NJ: I think that it’s very easy to rely on the Internet or rely on phone calls, because those are the quickest, easiest ways to get information, but the amount of information that you get when you go see somebody, from their body language to their demeanor, to the way that they answer and don’t answer questions, is often very revealing. It’s harder to lie to somebody face to face than it is on the phone.

LC: What kind of trouble do journalists get into when they don’t thoroughly research or document their articles?

NJ: The biggest danger I can think of is that you’ve just been given bad information, information that’s not true or partially true or simply not accurate. People assume things all the time, things they’ve heard more than once, and think it must be true. Or they may have an ax to grind and they may tell you something that’s misleading about a person or a situation. You know, putting that in print, even if you yourself aren’t saying it and are attributing it to another source, it can still get you in a lot of trouble.

LC: What was one of the more thrilling discoveries you made through research?

NJ: I wrote a story about a school. In 2001 I got a tip that the worst middle school in Oregon had radon in it. Radon is the second leading cause of lung cancer. So I went and asked the school system for documents, and found out right away that yes in fact the school did have substantially above EPA maximum levels of radon. And the day we published the story, the school was closed, and it has never reopened. I think that’s what every reporter wants, to write a story and have action that follows.

LC: How do you force someone to respond to allegations?

NJ: If you ask a question and you don’t know the answer, you’re probably not going to get the answer that you’re looking for. Only if you have the documents and proof, when you go to have that crucial interview, do you get the response that you’re looking for. It’s really key to be prepared with the documents when you go to have the conversation. I still sometimes make the mistake of asking a question before I know the answer or can prove the answer.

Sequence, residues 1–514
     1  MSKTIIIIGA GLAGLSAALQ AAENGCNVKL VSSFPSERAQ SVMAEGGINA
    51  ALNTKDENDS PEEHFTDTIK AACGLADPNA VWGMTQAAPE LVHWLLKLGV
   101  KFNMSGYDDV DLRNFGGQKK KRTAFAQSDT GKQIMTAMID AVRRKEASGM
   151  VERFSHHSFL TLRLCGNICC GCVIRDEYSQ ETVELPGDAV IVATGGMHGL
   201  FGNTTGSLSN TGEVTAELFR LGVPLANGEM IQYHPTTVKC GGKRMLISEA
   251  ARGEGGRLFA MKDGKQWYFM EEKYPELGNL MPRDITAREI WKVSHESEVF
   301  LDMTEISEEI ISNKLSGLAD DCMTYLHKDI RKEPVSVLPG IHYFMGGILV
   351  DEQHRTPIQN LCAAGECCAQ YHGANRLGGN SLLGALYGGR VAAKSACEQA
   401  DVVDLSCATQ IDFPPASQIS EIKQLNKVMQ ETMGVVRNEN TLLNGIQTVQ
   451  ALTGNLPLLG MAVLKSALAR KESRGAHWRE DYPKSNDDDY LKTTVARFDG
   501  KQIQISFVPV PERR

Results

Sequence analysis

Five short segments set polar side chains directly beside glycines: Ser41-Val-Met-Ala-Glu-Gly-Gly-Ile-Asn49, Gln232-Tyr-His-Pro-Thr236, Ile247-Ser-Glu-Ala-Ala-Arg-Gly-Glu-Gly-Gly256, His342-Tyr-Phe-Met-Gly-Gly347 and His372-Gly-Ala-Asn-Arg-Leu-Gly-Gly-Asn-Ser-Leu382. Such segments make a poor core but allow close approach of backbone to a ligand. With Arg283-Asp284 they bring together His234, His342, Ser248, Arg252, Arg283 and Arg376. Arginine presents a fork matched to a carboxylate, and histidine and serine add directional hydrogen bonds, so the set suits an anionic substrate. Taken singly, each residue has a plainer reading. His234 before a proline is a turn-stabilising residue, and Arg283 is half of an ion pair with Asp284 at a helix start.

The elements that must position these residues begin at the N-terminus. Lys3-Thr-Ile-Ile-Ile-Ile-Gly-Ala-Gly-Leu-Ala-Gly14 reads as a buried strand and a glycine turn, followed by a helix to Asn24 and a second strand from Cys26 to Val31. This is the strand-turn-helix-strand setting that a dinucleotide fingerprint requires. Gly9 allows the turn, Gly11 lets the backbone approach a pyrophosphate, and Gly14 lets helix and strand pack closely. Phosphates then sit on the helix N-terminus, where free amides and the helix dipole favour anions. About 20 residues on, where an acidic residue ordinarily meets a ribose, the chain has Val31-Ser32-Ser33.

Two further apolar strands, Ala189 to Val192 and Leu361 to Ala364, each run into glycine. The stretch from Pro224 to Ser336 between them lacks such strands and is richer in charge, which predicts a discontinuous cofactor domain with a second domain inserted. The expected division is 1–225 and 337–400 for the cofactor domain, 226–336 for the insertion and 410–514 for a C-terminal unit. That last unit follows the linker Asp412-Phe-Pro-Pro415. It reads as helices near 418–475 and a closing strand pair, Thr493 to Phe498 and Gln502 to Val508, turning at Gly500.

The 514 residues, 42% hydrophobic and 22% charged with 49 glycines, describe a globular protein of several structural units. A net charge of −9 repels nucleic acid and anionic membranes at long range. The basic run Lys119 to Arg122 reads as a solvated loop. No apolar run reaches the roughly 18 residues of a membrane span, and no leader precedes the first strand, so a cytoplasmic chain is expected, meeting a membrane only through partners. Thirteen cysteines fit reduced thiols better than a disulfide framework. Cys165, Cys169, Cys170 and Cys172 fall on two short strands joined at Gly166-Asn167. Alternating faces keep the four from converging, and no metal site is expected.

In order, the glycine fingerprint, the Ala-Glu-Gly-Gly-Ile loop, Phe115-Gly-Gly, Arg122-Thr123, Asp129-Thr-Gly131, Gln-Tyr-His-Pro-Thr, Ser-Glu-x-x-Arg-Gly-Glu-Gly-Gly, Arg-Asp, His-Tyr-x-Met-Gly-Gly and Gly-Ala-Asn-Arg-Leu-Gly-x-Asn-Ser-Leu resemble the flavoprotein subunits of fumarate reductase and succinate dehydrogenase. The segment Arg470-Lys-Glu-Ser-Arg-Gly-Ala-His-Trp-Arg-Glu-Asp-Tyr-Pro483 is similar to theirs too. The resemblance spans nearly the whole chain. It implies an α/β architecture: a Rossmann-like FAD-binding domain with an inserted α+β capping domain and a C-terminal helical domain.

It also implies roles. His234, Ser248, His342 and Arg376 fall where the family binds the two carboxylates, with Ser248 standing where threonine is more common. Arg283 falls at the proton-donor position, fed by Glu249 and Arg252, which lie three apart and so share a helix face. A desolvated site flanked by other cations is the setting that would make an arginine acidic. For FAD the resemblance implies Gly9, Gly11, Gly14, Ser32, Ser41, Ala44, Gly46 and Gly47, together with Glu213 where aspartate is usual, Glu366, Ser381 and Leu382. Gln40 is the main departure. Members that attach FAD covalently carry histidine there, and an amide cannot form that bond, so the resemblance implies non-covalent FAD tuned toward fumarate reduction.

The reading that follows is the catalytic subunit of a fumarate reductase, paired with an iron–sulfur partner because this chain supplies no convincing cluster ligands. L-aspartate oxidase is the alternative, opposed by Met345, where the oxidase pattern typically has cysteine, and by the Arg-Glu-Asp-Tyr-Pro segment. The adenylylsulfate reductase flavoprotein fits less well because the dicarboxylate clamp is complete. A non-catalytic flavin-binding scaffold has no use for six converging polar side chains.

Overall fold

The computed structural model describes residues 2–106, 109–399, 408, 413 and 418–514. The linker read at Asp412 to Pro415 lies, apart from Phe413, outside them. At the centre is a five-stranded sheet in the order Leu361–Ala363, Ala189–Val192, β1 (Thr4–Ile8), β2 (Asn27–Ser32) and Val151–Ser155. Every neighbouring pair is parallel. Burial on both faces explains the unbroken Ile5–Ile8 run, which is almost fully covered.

Your Turn!

LC asked Nigel Jaquiss to come up with a writing exercise on investigative reporting. Here’s one of his favorites! Follow these steps and discover the truth about your school!

STEP 1: Everybody has an opinion about his school. But what’s the truth? Go to your state’s Web site and find out how it compares to other schools. Look for the following information:

•    Does it have “free and reduced lunch?” (an indicator of low income families)
•    Ethnic makeup
•    Test scores
•    The dropout rate
•    Attendance figures

STEP 2: Go to a national Web site and see how your school compares with other schools throughout the country in the above categories.

STEP 3: Gather all of these statistics and think about how they might explain your school’s reputation.

STEP 4: Interview a couple of students at your school. Ask them: “What do you think of our school? How do you think it compares with other schools locally and nationally?”

STEP 5: Interview an administrator at your school. Ask the same questions. If the statistics you have gathered contradict the answer you receive, then ask: “Given what you’ve said, how do you explain these numbers?”

STEP 6: Using your interviews and statistics, write a story that uncovers the truth about your school’s local and national standing.

STEP 7: Proof and polish your story. Double-check all of your sources. Then submit it for publication on Write It!